Bettschart & Kofler Kommunikationsberatung GmbH
Bettschart & Kofler Kommunikationsberatung GmbH
Dr. Birgit Kofler
Phone: +49-30-700 159 676
  • dementia
  • neurology
  • health
  • medicine
  • WFN
  • WCN
Thu, 21.09.2017
ptp20170921007 Health/Medicine, Science/Technology
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Dementia with Lewy bodies (DLB) patients suffer more frequently from gastrointestinal dysfunction
XXIII WCN 2017, Kyoto, Japan, 16-21 September 2017

Kyoto (ptp007/21.09.2017/09:00) - Patients with Lewy body dementia are significantly more likely to suffer from disorders of the upper gastrointestinal tract than those with Parkinson's. This is the conclusion of a study presented at the XXIII World Congress of Neurology. The major scientific conference is taking place from September 16-21 in Kyoto. "Our data could indicate that this form of dementia leads to acute intestinal pseudo obstructions in older patients," noted study author, Associate Professor Ryuji Sakakibara from Toho University's Sakura Medical Center in Japan.

Lewy body dementia is the second most common age-related form of neurodegenerative dementia after Alzheimer's. Although there are no precise numbers on incidence and prevalence, experts estimate that around one in every five cases of dementia are attributable to the abnormal aggregates of protein in the brain named after German neurologist Friedrich H. Lewy. These proteins are abnormally altered by the attachment of phosphate and, among other things, supress the production of the chemical messenger dopamine. Lewy bodies could also play a role in Parkinson's disease. Although it is only possible to determine the presence of protein deposits with absolute certainty post mortem, the main symptoms of Lewy body dementia are now so well researched that it is possible to reliably diagnose the disease as distinct from other forms of dementia. Lewy body dementia is typically associated with significant fluctuations in symptoms, as well as greater incidence of hallucination than in Alzheimer's. Oversensitivity to neuroleptics and L-Dopa can be another indication.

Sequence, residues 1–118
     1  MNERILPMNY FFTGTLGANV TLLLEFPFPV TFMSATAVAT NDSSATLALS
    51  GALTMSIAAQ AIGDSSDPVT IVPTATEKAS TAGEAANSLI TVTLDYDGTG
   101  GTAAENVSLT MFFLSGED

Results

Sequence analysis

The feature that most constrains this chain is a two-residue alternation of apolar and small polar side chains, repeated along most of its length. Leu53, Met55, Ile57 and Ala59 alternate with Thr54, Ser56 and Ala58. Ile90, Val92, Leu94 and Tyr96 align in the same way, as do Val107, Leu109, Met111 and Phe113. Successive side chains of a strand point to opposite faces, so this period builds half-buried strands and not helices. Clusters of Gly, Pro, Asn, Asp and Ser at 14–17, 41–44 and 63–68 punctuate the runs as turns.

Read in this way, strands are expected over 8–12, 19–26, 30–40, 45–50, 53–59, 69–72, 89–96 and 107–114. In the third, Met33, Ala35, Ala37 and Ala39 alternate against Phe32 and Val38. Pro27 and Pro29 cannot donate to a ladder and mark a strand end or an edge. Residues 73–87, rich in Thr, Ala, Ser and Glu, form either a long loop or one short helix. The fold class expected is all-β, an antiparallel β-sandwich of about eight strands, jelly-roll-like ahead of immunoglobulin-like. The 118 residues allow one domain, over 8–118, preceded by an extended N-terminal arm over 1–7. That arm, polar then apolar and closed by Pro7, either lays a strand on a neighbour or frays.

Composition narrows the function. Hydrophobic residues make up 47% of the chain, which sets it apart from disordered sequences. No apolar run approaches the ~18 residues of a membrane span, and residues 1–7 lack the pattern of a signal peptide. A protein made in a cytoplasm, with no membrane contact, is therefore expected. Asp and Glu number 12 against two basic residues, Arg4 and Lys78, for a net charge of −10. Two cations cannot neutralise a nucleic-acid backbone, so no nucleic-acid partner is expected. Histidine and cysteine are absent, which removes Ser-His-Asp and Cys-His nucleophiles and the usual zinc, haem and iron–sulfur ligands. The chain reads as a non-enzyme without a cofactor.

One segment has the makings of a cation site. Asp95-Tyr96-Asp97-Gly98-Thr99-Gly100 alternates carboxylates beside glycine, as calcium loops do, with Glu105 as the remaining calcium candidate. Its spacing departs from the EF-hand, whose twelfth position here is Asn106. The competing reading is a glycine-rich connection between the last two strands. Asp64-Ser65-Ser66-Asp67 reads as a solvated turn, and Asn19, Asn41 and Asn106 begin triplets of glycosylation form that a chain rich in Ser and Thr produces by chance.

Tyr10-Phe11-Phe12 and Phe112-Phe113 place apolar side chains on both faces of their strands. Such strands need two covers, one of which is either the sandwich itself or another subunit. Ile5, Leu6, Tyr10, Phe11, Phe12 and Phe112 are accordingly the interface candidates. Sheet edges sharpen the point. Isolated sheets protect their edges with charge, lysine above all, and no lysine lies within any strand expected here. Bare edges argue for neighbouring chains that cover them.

One aspect of the disease that has been less-well researched is its attendant symptoms, including its impact on the gastrointestinal tract and the digestive system. As the study showed, patients with Lewy body dementia are significantly more likely to suffer from gastrointestinal problems than previously thought. Within the Japanese study a group of patients with an average age of 77 underwent a gastric emptying test and a colonic transit time test - the results of which were subsequently compared with those of 46 Parkinson's patients. It became apparent that it took an average of 63.2 minutes for the dementia patients' stomachs to empty, which took significantly more time than the Parkinson's disease group who were able to empty theirs in around 10 fewer minutes. While gastric emptying took more than 75 minutes for 42.1 percent of the people in the first group, the same came only true of 15.2 percent of those in the Parkinson's group. In contrast, the researchers were unable to identify a significant difference in colonic transit time between the two groups.

Source: WCN 2017 Abstract Yakakibano et al, Gatrointestinal Dysfunction In Dementia With Lewy Bodies: A Comparison With Parkinson's Disease

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Contact: Dr. Birgit Kofler
Phone: +49-30-700 159 676
Bettschart & Kofler Kommunikationsberatung GmbH